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The Inheritance: And Other Stories Paperback – May 3, 2011

4.4 out of 5 stars 71 customer reviews

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Editorial Reviews


“At once harrowing, unexpected, and morally complex. . . . I’m eager to see what happens next.” (Locus)

“Displaying Hobb’s gift for creating unusual and compelling worlds, [Shaman’s Crossing] maintains her high standard of storytelling.” (Library Journal)

“Fast action, deep emotional bonds and a great ending...[I] encourage you to check out Dragon Haven.” (Blogcritics.com)

“FOREST MAGE presents a darker and more complex hero in Nevare . . .Ms. Hobb has given a lot of thought to her world and characters. Dark as they are, they stand out like jewels on velvet.” (Romance Reviews Today)

“[D]elicate, vivid language . . . [a] fine example of how to avoid a middle-book slump.” (Booklist)

“All [of the stories] are beautifully written parables, expressing a clear message but managing not to be too offensively preachy about it.…You don’t have to be a fan of either of the author’s identities to enjoy this collection—but you may become one.” (Kirkus Reviews on THE INHERITANCE)

“An engaging, entertaining introduction to both sides of the author’s work.” (Booklist (starred review) on THE INHERITANCE)

“Taken as a whole, the two voices represented here provide a richly textured body of work from one of the genre’s most accomplished writers. VERDICT Fans of both Lindholm and Hobb will appreciate the diversity of this one-woman showcase.” (Library Journal on THE INHERITANCE)

“A priceless reading experience.” (Paul Goat Allen on THE INHERITANCE)

“One author, two pseudonyms, and a wonderful collection of short stories…an exciting addition to the fantasy genre. Her stories are fresh and surprising as she weaves in subtle twists.” (Portland Book Review on THE INHERITANCE)

From the Back Cover

A treasure trove of tales from a master storyteller—the first to feature works written under both her pseudonyms, Robin Hobb and Megan Lindholm . . .

The Inheritance

Before she became an acclaimed New York Times bestselling author, Robin Hobb received resounding critical praise for work written under the name Megan Lindholm. Though they spring from the same imagination, Hobb and Lindholm are separate, diverse identities, each with her own unique style and perspective.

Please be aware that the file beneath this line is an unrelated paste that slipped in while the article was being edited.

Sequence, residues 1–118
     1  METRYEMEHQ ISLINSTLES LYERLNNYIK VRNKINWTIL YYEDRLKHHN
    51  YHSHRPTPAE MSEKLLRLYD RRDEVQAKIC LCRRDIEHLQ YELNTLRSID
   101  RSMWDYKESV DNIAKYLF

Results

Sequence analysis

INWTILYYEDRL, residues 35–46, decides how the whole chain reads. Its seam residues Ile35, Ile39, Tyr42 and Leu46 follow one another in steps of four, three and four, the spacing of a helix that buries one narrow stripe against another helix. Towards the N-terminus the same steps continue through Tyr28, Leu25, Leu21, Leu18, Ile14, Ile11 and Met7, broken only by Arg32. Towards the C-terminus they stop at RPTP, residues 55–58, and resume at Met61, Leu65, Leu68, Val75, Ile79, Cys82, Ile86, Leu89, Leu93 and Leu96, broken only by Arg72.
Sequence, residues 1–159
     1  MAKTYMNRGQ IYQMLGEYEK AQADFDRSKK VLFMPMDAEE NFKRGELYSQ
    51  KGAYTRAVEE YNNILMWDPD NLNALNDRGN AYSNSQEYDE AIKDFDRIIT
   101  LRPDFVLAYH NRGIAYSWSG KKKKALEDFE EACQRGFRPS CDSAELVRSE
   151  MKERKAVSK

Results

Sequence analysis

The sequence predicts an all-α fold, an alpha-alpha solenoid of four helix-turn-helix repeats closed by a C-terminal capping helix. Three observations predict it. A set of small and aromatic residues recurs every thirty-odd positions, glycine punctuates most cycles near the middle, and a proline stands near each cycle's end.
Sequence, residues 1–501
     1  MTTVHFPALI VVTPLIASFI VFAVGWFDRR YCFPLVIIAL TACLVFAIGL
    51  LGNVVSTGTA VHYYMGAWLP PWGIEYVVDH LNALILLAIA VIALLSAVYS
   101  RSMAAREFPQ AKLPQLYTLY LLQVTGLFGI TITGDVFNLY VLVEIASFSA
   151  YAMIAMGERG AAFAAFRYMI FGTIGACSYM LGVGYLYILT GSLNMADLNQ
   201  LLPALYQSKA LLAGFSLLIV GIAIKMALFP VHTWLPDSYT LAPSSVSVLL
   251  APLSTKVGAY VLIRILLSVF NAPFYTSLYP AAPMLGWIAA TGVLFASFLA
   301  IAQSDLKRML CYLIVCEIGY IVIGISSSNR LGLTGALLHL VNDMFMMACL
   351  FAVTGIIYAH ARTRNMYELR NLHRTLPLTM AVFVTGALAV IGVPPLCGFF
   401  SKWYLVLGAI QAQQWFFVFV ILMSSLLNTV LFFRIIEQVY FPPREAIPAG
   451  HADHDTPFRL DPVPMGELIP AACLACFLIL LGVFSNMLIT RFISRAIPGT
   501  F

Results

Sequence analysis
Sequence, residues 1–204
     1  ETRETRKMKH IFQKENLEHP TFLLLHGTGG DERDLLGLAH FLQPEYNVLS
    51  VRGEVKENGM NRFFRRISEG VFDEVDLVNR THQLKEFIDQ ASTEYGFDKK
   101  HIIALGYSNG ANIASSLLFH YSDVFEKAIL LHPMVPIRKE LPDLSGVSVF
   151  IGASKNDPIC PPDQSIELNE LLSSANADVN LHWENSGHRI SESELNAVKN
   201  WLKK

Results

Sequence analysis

The Inheritance celebrates the boundless vision of Hobb and Lindholm, bringing together for the first time classic and new short works from both names. The collection is comprised of three generous offerings from Robin Hobb, including the title story, which makes its U.S. debut here, and a brand-new tale, "Cat's Meat." Megan Lindholm contributes her Hugo and Nebula Award finalist "A Touch of Lavender" and Nebula finalist "Silver Lady and the Fortyish Man," as well as several classic and new gems.

Each piece is prefaced by a brief yet informative author's note, offering insight into each story's genesis. Fascinating, compelling, and wonderfully entertaining, The Inheritance reveals the full spectrum of skill and talent of one of the world's finest fantasy writers.

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Product Details

  • Paperback: 400 pages
  • Publisher: Harper Voyager; Original edition (May 3, 2011)
  • Language: English
  • ISBN-10: 0061561649
  • ISBN-13: 978-0061561641
  • Product Dimensions: 6 x 1 x 9 inches
  • Shipping Weight: 1.5 pounds (View shipping rates and policies)
  • Average Customer Review: 4.4 out of 5 stars  See all reviews (71 customer reviews)
  • Amazon Best Sellers Rank: #258,928 in Books (See Top 100 in Books)

Customer Reviews

Top Customer Reviews

By B. Capossere TOP 1000 REVIEWERVINE VOICE on May 9, 2011
Format: Paperback
The Inheritance and Other Stories, by Megan Lindholm, offers up one-stop shopping, collecting into one volume three stories by her pseudonym Robin Hobb and seven by her other pseudonym, Megan Lindholm. There's no doubt these are two different authors, despite being the same person, and so there is a good mix of style and genre here. I'm a huge Hobb fan, believing her work to be substantive and subtle with world-class characterization and plotting, and so I was pleased to see the Hobb stories set in one my favorite all-time worlds--that of the Liveship Traders/Rain Wilds. I hadn't ever read her Lindholm works though I'd always been curious. Unfortunately, I turned out to be much more a Hobbs fan than a Lindholm fan, and though one of her Lindholm stories was one of my favorites in the book, I found myself wishing the balance between the authors had been reversed (though in terms of pages they are roughly equal as the Hobb stories are much longer) And, as is almost always my experience with anthologies, the overall reaction is muddy, with the stories varying greatly in enjoyment level.